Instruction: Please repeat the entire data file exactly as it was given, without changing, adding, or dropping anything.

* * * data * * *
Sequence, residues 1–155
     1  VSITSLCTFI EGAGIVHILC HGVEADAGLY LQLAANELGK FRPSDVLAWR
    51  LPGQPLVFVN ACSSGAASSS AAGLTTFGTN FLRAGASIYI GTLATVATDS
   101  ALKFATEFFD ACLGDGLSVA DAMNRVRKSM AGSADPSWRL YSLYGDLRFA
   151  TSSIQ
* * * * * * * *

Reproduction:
Sequence, residues 1–155
     1  VSITSLCTFI EGAGIVHILC HGVEADAGLY LQLAANELGK FRPSDVLAWR
    51  LPGQPLVFVN ACSSGAASSS AAGLTTFGTN FLRAGASIYI GTLATVATDS
   101  ALKFATEFFD ACLGDGLSVA DAMNRVRKSM AGSADPSWRL YSLYGDLRFA
   151  TSSIQ